The only thing getting in the way of my success was myself. Lazy reporting or idleness were mine to deal with.

At times, it seemed like the only person bent on seeing me fail was me.

When it's all said and done, I wish I could just say, "Somehow, I made it. I passed—with a higher-than-expected grade too. Not sure how, but I did it." And end it there. But I can't.

The truth is that I know how it happened. From the beginning, I knew I wasn't going to survive this course. It was the Lord that carried me through. I have to give credit where it’s due. He gave me the strength to push on, even when I wanted to give up. His mercy and grace guided me through my anxiety and self-doubt.

On my own, I would have failed. I know it.

I can't forget what He did for me. Reporting broke me this semester. The love of my Savior put me back together with a confidence in writing like I've never had before.

I still have a long journey ahead. I'm not a perfect writer, and I'm far from being a competent reporter. It’s still one of the most difficult skills for me to learn.

Despite all my shortcomings, God carried me through. When I felt like a failure, He was there. When I wanted to give up, He was there.

I survived the voyage across the ocean of Reporting. Before me lies another adventure harboring its own share of trials. At the port, I look to the horizon from whence I came.

And I hear that familiar voice echoing against the raging sea.

“Don't sink.”


The photos you may or may not have enjoyed throughout this story were a part of a series I did called "UF at Night." (Super original, I know) I basically just took photos around campus after midnight. Actually, that's all I did.

Nutshell: Easy as 1-2-3

With what feels like little room for new contenders, Prezi enters the arena with Nutshell: a new way to create and share stories.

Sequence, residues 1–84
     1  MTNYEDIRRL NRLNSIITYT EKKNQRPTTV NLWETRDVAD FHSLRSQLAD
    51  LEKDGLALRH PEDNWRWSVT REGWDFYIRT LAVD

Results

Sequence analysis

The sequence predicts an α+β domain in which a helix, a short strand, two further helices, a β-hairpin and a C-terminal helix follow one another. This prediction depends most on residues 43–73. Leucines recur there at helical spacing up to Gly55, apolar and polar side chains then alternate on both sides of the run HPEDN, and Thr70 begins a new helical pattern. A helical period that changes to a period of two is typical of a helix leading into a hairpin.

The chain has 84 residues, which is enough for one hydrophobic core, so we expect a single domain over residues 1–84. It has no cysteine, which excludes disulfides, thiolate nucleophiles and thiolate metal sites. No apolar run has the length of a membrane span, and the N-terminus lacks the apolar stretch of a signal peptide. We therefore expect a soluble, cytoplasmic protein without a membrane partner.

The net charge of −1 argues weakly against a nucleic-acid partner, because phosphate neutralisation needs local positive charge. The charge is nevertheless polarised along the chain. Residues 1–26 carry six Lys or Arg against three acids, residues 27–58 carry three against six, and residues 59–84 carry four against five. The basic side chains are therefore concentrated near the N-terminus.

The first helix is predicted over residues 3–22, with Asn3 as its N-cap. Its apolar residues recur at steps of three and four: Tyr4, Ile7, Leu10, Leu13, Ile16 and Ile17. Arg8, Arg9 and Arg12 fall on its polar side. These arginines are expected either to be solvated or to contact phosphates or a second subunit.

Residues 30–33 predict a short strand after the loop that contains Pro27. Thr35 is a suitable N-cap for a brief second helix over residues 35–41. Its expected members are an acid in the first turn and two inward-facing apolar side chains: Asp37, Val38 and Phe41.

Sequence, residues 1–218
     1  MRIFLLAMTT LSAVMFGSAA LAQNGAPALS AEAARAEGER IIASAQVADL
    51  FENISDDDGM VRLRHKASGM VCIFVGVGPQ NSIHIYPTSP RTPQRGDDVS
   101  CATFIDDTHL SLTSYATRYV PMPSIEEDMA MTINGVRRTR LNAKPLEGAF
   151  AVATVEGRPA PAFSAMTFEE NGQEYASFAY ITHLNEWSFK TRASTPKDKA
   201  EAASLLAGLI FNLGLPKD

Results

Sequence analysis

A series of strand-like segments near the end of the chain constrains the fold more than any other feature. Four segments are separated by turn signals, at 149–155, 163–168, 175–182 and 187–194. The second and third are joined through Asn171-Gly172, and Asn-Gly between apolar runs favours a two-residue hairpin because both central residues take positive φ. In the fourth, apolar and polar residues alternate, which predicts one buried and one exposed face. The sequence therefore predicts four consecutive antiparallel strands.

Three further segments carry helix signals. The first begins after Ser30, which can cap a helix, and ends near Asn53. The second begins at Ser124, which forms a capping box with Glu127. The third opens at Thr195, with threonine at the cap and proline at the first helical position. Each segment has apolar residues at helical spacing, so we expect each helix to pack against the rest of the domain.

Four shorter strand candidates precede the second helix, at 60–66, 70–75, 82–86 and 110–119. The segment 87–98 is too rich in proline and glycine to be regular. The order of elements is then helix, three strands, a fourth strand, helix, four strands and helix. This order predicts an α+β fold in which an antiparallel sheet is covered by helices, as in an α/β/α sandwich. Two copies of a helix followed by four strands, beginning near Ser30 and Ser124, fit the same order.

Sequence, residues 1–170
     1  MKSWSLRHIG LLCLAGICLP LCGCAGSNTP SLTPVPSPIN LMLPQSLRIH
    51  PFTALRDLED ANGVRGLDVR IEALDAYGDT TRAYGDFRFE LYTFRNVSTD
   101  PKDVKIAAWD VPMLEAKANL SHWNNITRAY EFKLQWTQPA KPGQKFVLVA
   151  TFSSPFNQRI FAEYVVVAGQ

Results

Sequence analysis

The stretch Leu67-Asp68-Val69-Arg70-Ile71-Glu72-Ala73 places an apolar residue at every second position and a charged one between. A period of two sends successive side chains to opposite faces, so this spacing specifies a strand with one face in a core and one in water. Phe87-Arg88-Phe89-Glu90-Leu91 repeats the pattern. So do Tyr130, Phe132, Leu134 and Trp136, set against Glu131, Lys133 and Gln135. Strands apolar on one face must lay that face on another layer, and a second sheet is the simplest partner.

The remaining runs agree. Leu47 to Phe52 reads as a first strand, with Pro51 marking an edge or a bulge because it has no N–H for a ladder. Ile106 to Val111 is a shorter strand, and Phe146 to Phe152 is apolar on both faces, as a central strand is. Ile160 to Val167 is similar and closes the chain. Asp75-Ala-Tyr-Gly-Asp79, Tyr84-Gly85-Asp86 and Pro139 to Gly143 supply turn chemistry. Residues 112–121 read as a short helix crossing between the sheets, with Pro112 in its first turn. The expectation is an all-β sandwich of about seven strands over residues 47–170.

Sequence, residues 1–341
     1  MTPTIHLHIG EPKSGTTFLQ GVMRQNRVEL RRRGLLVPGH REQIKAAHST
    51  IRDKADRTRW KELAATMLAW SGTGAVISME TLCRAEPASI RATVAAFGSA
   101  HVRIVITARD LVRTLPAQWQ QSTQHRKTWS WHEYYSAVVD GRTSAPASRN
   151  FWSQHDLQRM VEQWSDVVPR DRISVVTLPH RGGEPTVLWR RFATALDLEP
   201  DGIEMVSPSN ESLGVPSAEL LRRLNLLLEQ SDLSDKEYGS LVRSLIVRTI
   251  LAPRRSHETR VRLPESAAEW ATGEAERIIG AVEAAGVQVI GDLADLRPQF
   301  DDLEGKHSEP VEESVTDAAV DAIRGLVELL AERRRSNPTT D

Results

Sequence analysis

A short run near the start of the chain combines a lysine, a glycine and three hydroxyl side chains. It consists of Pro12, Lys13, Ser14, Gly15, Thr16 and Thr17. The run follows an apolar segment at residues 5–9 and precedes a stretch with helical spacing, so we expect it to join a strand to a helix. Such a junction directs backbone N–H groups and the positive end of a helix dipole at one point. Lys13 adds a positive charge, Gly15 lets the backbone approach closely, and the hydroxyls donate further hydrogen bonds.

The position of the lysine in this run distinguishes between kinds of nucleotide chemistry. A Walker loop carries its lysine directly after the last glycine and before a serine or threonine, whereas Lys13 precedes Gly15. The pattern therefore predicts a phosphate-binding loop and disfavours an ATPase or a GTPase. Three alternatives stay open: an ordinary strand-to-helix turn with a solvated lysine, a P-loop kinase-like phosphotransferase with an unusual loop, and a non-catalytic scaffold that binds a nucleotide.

Simply take three “snapshots” in a any given scene, and Nutshell will stitch them together into one seamless video with just a touch of Ken Burns.1

Depending on the content, calling them “stories” might be a bit of a stretch, but nonetheless Prezi at least wants you to try.

If content is king, Nutshell’s patriarch is on vacation.

Since the app is so new — not even a week old — there isn’t much to see or browse. You’re given three “inspirations” that serve as basic, uninspired ways to use the app. There’s no “following” friends or catch-all feed to scroll through.

In some ways, focusing the app on pure content creation rather than a social network could actually work in Prezi’s favor. By being limited to only three “snaps,” the resulting video ends up being relavity short — perfect for sharing to Facebook, Twitter or Instagram.

Thankfully, the app is incredibly simple to use. When creating a nutshell, there are three buttons: back/cancel, take a photo and switch cameras. That’s it.

After you’ve taken your three photos, Nutshell you compile your “story.” From there, you can text and various animated graphics to spruce up your nuthsell.

It’ll end up looking something like this.

  1. The Ken Burns effect, for the uneducated.

Though, it’s difficult to gauge how effective Nutshell can be at telling stories.

For one, it seems like the app favors a pre-plannned approach when it comes to setting up shots. The nature and theme of the app doesn’t lend itself to spontaneity.

While Nutshell certainly has a few unique qualities that set it a part from others, I don’t see it having the same staying power compared to other apps of it’s kind. Being limited to three photos is both a blessing and a curse. If you’re ever in a situation that requires more than three “scenes,” you’re out of luck.

Without the juggernauts on Instagram, Vine, etc., Nuthshell doesn’t stand a chance of surviving if the videos made aren’t shared across other platforms.